Related Rule
South Africa
Practice Relating to Rule 47. Attacks against Persons Hors de Combat
South Africa’s LOAC Manual (1996) notes that “making a person who is ‘out of combat’ … the object of attack knowing that that person is out of combat” is a grave breach of the 1977 Additional Protocol I and a war crime. 
South Africa, Presentation on the South African Approach to International Humanitarian Law, Appendix A, Chapter 4: International Humanitarian Law (The Law of Armed Conflict), National Defence Force, 1996, §§ 37(c) and 41.
South Africa’s Revised Civic Education Manual (2004) provides that “[a]ny attack on persons known to be ‘hors de combat’ (out of combat)” is a grave breach of the law of armed conflict and a war crime. 
South Africa, Revised Civic Education Manual, South African National Defence Force, 2004, Chapter 4, § 57.
South Africa’s ICC Act (2002) reproduces the war crimes listed in the 1998 ICC Statute, including “killing or wounding a combatant who, having laid down his arms or having no longer means of defence, has surrendered at discretion” in international armed conflicts and “violence to life and person” on “those placed hors de combat by sickness, wounds, detention or any other cause” in non-international armed conflicts.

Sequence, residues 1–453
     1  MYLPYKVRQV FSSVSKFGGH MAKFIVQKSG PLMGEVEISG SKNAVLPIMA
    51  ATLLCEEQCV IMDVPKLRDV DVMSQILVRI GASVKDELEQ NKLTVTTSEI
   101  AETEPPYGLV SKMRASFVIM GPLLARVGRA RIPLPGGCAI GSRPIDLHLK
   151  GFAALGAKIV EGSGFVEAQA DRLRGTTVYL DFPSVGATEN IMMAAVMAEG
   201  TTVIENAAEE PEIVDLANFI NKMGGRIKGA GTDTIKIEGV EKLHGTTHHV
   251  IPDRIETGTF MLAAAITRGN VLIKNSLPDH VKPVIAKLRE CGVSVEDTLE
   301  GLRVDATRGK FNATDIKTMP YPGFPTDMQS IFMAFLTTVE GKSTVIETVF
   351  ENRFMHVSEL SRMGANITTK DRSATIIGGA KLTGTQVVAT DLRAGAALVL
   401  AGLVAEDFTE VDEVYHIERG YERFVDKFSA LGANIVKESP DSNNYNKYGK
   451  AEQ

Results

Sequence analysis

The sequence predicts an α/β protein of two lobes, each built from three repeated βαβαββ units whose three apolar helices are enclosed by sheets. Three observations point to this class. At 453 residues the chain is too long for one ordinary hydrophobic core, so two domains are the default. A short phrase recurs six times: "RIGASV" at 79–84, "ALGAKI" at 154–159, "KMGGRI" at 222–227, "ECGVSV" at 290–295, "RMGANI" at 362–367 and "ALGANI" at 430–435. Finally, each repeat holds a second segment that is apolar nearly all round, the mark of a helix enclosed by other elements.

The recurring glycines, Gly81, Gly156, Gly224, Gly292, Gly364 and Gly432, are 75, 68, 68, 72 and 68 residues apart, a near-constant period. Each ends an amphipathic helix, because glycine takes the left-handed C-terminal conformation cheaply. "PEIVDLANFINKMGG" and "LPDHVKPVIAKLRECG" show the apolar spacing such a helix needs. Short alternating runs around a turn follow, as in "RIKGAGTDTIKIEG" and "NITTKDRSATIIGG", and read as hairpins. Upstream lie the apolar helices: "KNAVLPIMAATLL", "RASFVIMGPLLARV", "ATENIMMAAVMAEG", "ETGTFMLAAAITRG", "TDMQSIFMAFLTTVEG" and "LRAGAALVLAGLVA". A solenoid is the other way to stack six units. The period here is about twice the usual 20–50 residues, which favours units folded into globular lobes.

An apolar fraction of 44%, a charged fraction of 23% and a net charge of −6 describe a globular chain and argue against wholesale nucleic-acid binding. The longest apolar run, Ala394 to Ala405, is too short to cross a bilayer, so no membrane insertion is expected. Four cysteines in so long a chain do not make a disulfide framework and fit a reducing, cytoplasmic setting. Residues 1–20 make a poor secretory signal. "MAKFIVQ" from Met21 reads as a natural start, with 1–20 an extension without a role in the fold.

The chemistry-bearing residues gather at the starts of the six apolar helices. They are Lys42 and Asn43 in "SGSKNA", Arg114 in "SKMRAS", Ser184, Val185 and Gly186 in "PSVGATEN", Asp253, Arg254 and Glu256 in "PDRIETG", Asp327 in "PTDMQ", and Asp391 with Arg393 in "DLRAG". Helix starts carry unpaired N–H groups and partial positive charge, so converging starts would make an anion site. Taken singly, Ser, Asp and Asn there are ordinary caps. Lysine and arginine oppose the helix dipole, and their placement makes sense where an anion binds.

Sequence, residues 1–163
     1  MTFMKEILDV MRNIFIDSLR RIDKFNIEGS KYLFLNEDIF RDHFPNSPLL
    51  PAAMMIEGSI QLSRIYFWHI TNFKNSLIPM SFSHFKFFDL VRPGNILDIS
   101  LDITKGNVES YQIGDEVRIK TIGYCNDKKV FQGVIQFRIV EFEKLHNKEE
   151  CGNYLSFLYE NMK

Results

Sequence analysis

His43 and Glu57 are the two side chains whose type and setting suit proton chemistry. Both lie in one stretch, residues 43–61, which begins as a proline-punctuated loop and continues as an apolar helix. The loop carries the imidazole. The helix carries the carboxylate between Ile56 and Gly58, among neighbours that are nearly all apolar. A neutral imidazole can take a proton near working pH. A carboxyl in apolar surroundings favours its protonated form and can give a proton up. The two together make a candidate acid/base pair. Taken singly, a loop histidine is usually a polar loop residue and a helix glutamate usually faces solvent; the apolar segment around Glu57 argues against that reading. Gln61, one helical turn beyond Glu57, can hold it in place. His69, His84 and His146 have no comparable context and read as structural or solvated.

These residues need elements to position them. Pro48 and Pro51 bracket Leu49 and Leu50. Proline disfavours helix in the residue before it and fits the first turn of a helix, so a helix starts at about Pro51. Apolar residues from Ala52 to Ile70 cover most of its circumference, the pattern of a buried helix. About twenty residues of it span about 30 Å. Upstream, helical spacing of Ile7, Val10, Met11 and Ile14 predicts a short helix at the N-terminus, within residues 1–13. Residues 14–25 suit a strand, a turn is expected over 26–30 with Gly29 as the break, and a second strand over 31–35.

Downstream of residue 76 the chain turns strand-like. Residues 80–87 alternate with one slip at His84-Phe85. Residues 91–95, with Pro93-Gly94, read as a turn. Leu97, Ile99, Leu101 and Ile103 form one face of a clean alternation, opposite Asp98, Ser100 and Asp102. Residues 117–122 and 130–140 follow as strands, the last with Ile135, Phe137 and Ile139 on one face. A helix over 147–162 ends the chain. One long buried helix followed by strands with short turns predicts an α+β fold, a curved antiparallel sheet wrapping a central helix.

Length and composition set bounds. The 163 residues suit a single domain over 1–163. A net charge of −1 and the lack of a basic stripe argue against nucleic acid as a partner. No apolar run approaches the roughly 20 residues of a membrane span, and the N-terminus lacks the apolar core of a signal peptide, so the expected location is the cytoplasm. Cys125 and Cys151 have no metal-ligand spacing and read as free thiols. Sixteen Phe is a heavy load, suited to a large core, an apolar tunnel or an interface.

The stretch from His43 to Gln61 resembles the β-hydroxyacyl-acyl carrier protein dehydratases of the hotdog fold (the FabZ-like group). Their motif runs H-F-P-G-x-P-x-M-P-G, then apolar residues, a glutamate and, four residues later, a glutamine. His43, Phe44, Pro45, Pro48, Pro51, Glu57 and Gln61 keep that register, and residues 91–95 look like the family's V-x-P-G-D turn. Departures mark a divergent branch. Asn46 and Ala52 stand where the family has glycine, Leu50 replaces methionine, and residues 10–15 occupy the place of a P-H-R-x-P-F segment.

South Africa, ICC Act, 2002, Schedule 1, Part 3, §§ (b)(vi) and (c)(i).
South Africa’s LOAC Manual (1996) states that “making a person … who is wounded or has surrendered … the object of attack knowing that that person is out of combat” constitutes a grave breach of the 1977 Additional Protocol I and a war crime. 
South Africa, Presentation on the South African Approach to International Humanitarian Law, Appendix A, Chapter 4: International Humanitarian Law (The Law of Armed Conflict), National Defence Force, 1996, §§ 37(c) and 41.
The manual explains: “Surrender may be by any means that communicates the intention to give up.” 
South Africa, Presentation on the South African Approach to International Humanitarian Law, Appendix A, Chapter 4: International Humanitarian Law (The Law of Armed Conflict), National Defence Force, 1996, § 30, note 1.
South Africa’s Revised Civic Education Manual (2004) states: “Soldiers who have surrendered or who are in the control of the enemy … must be protected.” 
South Africa, Revised Civic Education Manual, South African National Defence Force, 2004, Chapter 4, § 52.
South Africa’s ICC Act (2002) reproduces the war crimes listed in the 1998 ICC Statute, including “killing or wounding a combatant who, having laid down his arms or having no longer means of defence, has surrendered at discretion” in international armed conflicts and “violence to life and person” on “those placed hors de combat by sickness, wounds, detention or any other cause” in non-international armed conflicts. 
South Africa, ICC Act, 2002, Schedule 1, Part 3, §§ (b)(vi) and (c)(i).